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The “Scents” of Being in Japan in 1964
July 16th marks the 53rd anniversary of our arrival in Japan and friends and family, as well as ourselves, have sometimes tried to understand the sense of us still living here. The reason, of course, is that Japan is “home” for our family of 11 – 2 children, a son-in-law, a daughter-in-law and 5 grandchildren, 3 who are studying abroad.
We knew so little about Japan when we sailed into Yokohama Harbor on July 16, 1964, but we were soon to learn. We had been aboard a P & O ship for 15 days with a couple of thousand other passengers, some with whom we became quite friendly. These new “friends” had lived in Japan for several years and filled us in on a few things to expect, but their experiences hardly prepared us for those first few weeks/months.
First of all, when we disembarked at Osanbashi pier, we found that the passenger terminal was under construction, getting ready for the ’64 Olympics; it was nothing more than a desk on a dirt floor where arriving passengers could check in. Unfortunately, we arrived on a Saturday, at noon, so our baggage took four hours to be unloaded while we waited in the heat and humidity of a July summer day. There were no chairs to sit on, no toilets to use, other than one outdoors which smelled as bad as the harbor itself. We didn’t know the Japanese term “shoganai” or any other Japanese, actually, so Don, my husband, had no choice but to hold our two-year-old daughter, Leslie, over the hole in the ground, losing his favorite corncob pipe into the toilet.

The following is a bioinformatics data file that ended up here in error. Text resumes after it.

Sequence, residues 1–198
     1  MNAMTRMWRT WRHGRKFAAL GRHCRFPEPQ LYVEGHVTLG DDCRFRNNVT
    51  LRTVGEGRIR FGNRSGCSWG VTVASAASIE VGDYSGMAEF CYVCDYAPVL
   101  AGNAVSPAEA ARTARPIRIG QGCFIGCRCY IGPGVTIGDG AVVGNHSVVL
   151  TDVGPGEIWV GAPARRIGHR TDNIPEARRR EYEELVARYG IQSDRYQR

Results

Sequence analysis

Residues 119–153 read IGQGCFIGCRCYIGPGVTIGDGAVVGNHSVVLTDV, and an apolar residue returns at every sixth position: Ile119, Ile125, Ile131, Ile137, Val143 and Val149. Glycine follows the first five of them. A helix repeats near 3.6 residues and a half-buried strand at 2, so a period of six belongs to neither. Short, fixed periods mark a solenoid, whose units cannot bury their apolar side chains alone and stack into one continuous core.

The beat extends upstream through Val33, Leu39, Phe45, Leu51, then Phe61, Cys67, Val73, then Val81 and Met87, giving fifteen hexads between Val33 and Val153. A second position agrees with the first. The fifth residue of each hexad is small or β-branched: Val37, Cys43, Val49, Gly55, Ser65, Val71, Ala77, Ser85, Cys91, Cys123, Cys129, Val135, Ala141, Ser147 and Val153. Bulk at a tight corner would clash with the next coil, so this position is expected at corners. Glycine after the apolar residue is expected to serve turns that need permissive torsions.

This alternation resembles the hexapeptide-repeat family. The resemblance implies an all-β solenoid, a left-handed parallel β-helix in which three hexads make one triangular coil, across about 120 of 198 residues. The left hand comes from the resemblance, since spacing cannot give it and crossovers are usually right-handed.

I grew up in rural South Dakota, where outhouses were common and air-conditioning unheard of, so life in Japan wasn’t going to be a big challenge, I thought. However, for the first month our family of four slept in a 4 1/2 mat room with just a thin plywood door between us and the “obenjo” (toilet). Our South Dakota outhouses were outdoors, but this one was indoors. The use of incense or the toilet deodorant “Shatto” couldn’t obliterate this unpleasant scent.
Public restrooms had some of the worst scents, but have greatly improved so we no longer have to seek out a western style hotel with western style public toilets when we are out and about in the city.
I found a few other scents, at first, to be unpleasant – tsukemono, miso, and seaweed, which I now love, and grilled fish, which I have never grown to love. Some of the more acceptable and pleasant scents were katori senko and green tea being roasted in front of a tea shop. I especially remember the fresh, sweet scent of a watermelon being burst at the beach that first summer in a game of “suikawari- similar to breaking a piñata.
These are just a few of the things that we found new and we had to make “scents” of during those early days in Japan.